[UPDATED] Ontario: After chilly days, heat starts building in

Sunday, October 7, 2018, 11:46 AM – Rumbles of thunder accompanied rising temperatures back into southern Ontario Saturday into the early hours of Sunday, in a subtle warm up after a freezing Friday morning.

But warmer temperatures — and near-record humidex values — are still ahead, as Ontarians may be giving thanks for a blast of summer-like warmth by the end of the holiday long weekend. We take a look at the complicated temperature trend, and who still has a risk for storms, below.

(A look at the next three months: Your Official 2018 Fall Forecast)


WEATHER HIGHLIGHTS:

  • Overcast and slightly cool Sunday morning for many after overnight storms
  • Temperatures rising into early part of new week
  • Humidex rising substantially; record levels for early October possible by Tuesday
  • BE PREPARED: Monitor weather alerts for your area, here

LINGERING RUMBLES

After overnight storms in some areas, Sunday looks to be a mostly cloudy day, with the threat for showers lingering here and there — mainly across the Niagara Peninsula — but most of the day will be rain-free.

The next major storm system with its eyes on Ontario will lift north into the Nickel Belt and beyond, taking most of the rain and thunder threat well north with it. That doesn’t mean we won’t see any effects in the south, however, as warm, humid air floods back into the region, starting on Thanksgiving Monday.

“For most of the GTA this means that a southeast wind off of Lake Ontario will hold temperatures in the upper teens,” says Weather Network meteorologist Dr. Doug Gillham. “Meanwhile, summer-like weather will spread into southern Niagara and into areas west of the GTA with temperatures reaching into the mid 20s with a humidex in the low to mid 30s.”

WATCH BELOW: INTO RECORD TERRITORY BY TUESDAY

 

RECORD BREAKING WARMTH AHEAD: WILL THE TRUE AUTUMNAL WEATHER EVER ARRIVE?

By Tuesday there’s confidence for more summer-like weather with all time humidex recordsin jeopardy. High temperatures are expected to reach the mid to upper 20s feeling closer to the mid 30s with the humidity.

What is happening here?

The reason for this trend and the delay of a cooler more autumnal pattern is due to an upper level ridge across the southeastern portions of the continent, which continues to have much more fight to it than what long range guidance expected. This will be the case for next week as another anomalously strong upper level ridge sets up along the eastern seaboard. This results in a surface pattern, as shown below, with a strong area of high pressure over the eastern portions of the continent and generally lower pressure across the central portions. This allows subtropical air to push up from the Caribbean spreading into southern and central Ontario.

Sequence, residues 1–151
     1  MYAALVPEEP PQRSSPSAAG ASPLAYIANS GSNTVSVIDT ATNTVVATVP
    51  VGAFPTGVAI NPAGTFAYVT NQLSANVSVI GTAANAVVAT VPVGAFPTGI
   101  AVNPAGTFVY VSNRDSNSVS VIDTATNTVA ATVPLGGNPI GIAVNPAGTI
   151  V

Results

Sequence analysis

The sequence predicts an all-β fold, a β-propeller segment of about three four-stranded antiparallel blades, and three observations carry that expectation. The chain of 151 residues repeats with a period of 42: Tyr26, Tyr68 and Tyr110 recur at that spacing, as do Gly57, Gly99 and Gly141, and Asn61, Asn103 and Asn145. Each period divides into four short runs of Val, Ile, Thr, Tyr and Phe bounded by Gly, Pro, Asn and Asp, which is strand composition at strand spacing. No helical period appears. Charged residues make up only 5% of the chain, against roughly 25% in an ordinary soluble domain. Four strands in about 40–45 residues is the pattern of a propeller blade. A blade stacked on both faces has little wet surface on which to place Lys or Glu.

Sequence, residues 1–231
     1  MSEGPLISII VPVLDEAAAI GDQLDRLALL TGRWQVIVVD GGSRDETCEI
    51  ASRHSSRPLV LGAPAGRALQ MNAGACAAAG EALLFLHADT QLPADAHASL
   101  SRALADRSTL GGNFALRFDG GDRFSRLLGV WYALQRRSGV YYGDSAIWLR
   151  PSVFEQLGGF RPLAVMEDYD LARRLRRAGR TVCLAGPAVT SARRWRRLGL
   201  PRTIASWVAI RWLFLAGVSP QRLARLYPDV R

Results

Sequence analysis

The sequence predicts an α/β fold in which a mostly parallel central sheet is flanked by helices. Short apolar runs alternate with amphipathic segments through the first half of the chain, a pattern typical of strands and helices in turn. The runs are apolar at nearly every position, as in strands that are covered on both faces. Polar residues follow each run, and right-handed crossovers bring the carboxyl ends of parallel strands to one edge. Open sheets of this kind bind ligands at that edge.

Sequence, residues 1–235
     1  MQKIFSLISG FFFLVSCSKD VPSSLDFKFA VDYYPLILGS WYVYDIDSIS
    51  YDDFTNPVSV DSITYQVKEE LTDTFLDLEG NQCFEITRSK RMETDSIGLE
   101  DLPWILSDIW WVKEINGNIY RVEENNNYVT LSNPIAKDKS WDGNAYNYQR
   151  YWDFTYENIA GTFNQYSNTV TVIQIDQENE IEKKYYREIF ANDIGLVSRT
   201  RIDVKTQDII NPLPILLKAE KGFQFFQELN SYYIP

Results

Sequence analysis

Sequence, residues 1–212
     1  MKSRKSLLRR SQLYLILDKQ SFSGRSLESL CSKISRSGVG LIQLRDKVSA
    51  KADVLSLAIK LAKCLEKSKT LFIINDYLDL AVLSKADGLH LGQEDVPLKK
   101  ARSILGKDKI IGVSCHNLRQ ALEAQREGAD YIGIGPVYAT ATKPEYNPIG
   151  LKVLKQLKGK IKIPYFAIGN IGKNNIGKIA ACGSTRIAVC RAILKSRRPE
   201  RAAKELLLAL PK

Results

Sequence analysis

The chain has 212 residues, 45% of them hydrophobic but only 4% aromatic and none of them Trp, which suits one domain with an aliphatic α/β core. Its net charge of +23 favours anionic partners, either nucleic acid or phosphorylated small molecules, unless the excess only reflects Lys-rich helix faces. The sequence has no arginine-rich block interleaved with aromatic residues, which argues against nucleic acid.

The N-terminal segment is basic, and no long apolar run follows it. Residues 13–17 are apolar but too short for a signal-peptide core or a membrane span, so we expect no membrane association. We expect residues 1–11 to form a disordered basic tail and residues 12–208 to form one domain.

By Tuesday and through the remainder of next week, temperatures across much of the province are expected to run anywhere from about 5°C to nearly 12°C above average for this time of year. The warmest air is expected to be focused across southern portions of the province through the 401 corridor. Tuesday and Wednesday are expected to be the two mildest days overall with highs forecast to be into the mid to high twenties with humidex values running into the low to mid-thirties.

As we head into next weekend this pattern looks to change back over to a more autumnal pattern as long range guidance starts to weaken the ridge in the east and the trough pushes eastward. This will result in a fall storm setting up to end next week and will usher in a more autumnal pattern with temperatures getting back to seasonal or even below. The timing of when the fall storm pushes through is still yet to be determined as long-range guidance varies on this.

The question is, does the cooler more seasonal air stick around? Some teleconnection patterns and overall trend setting up does lean toward yes, but the upper level ridge across the southeast still lingers. This could give the odd push of milder air into extreme portions of southern Ontario at times, typical of fall, but overall the trend does look cooler for the province.

With files from meteorologist, Brad Rousseau

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